Sunday, January 4, 2015
A Matter of Perspective
Considering the vastness of the universe, the seeming endlessness of time, and the emptiness of space, one might lament that no meaning is possible to human existence. And many have.
And yet, everywhere is beauty, admirable structure, and mathematical coincidence we call proportion. Everywhere in the very same universe.
In one regard, the universe resembles the splash that emerges out of a stone thrown into a pond. And for as simple and as temporary a system as that connotes for physics, it is nevertheless lovely to behold and even mesmerizing to certain eyes.
Scale brings nothing with it. To watch a single drop of water freeze and then thaw again, a whole universe. A computer model of the birth and death of a star, or of a whole galaxy, elapsed over just two minutes, is but the same. A picture may contain as much detail as a camera can pick up, as many bytes of information as a computer may store, but in any case it's not complete. Not even the human mind can completely contain anything that falls to its attention.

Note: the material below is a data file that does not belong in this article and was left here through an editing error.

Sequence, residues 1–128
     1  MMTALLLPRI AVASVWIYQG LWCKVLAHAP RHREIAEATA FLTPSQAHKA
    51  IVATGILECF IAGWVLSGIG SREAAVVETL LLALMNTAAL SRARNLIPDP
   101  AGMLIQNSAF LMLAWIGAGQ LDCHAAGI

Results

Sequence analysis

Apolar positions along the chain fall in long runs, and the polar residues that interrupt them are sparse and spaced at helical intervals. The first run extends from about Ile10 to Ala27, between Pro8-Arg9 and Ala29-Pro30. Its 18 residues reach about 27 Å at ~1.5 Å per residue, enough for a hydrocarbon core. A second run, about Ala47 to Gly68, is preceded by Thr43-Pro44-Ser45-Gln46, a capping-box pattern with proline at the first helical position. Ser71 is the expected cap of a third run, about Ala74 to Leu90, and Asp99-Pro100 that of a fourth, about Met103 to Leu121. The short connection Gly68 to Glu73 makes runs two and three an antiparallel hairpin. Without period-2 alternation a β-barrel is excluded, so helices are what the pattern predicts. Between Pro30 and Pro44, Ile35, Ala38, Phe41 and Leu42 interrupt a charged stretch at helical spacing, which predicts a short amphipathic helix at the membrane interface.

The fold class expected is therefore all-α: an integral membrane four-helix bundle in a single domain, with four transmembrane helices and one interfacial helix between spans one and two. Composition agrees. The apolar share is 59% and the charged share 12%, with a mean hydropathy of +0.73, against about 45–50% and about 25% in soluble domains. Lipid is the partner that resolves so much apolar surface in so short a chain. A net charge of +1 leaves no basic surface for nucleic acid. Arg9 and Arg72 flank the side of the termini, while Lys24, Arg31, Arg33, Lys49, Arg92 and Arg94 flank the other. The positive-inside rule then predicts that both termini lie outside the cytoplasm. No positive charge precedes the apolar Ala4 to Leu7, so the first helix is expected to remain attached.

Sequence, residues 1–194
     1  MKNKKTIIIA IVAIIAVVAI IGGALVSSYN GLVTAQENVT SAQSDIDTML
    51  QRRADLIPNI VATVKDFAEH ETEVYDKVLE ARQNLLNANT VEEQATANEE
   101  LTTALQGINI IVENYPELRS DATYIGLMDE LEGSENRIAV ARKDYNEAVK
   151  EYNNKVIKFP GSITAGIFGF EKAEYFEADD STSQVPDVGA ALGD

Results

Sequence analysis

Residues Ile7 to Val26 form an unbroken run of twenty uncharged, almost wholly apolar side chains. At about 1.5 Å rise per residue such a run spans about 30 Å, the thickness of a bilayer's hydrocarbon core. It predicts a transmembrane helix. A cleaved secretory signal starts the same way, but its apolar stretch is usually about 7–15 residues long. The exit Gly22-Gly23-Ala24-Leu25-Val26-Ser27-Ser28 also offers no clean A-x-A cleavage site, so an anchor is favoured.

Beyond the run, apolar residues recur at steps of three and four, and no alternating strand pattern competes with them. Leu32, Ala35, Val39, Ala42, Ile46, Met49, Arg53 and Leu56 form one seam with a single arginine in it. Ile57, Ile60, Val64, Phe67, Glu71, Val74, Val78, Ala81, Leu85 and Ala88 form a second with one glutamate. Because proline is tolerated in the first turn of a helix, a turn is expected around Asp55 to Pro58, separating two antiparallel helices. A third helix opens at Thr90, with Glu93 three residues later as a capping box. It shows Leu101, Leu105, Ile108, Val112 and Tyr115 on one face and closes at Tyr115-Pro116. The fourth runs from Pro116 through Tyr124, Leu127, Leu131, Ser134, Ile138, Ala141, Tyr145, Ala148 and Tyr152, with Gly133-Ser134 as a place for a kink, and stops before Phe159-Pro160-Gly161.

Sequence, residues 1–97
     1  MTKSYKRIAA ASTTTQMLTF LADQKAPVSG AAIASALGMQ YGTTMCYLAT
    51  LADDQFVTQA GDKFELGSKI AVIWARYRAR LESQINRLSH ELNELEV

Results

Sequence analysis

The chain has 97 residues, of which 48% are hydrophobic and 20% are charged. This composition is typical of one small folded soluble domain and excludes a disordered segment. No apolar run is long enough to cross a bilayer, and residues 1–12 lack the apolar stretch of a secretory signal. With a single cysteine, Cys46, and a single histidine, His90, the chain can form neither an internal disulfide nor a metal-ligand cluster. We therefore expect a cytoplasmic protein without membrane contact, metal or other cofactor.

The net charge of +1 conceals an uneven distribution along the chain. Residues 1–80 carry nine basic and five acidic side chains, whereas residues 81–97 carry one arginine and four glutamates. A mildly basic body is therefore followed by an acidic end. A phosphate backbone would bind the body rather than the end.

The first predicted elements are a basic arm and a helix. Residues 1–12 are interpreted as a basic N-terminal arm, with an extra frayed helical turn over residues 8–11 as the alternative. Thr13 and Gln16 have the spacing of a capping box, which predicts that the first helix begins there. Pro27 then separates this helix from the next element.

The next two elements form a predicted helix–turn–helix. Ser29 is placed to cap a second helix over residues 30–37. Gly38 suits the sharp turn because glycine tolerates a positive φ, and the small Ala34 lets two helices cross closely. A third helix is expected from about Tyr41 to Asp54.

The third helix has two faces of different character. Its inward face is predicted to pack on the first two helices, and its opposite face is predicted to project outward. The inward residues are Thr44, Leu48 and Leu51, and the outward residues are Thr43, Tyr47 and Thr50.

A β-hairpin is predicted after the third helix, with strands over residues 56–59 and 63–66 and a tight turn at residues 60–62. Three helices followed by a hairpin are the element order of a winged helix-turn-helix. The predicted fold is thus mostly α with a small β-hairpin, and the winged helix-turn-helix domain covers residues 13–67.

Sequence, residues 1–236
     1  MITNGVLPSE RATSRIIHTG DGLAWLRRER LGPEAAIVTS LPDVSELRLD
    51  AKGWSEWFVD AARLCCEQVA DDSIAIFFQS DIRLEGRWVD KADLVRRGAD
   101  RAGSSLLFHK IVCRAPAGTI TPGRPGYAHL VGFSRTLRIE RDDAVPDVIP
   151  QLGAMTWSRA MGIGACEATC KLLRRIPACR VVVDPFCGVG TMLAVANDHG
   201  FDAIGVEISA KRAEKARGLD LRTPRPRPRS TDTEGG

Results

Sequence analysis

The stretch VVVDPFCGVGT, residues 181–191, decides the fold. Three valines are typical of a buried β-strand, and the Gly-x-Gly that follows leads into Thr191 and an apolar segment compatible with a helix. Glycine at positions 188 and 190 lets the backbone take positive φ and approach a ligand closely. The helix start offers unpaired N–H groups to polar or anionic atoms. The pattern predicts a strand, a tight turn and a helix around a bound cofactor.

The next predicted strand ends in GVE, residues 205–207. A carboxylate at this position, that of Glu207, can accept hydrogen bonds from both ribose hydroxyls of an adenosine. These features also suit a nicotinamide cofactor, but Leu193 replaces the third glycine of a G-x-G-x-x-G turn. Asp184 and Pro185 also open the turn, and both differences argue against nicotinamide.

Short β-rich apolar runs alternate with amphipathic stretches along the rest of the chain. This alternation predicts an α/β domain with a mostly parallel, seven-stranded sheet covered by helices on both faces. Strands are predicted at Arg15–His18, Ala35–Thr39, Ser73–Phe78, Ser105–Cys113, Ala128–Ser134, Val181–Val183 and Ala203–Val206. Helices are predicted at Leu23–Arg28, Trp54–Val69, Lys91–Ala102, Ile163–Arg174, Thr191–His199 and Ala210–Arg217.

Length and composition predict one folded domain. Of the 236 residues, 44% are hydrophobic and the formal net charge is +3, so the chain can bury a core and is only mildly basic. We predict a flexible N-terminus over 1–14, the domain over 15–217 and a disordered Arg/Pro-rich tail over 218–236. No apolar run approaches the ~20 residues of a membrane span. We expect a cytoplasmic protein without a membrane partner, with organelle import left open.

The universe is an idea. The name betrays this: across (verse) the one or the whole (uni). Whether it inspires or depresses is a matter of perspective and a matter of choice. Nebulae are the most beautiful things when enhanced by the folks at NASA, but they don't actually look like that. The Sun is too bright for people to look at, but not too bright to enjoy and to miss when hidden by clouds. Rainbows aren't really 'there,' but they speak to us so clearly of many things. Orion isn't really there either, nor was it even quite what it is now back in the days of the Greeks and the Babylonians when it first gained its name. In a million years from now it won't look anything like it does now. By far, most of the universe is utterly hostile to the existence of human life. And yet, it's hard to find a piece of creation that is not intriguing to the human mind and capable of inspiring the human heart - whether this be tornadoes, solar flares, or star-collapsing black holes.
It was all built for contemplation, but I think not for understanding.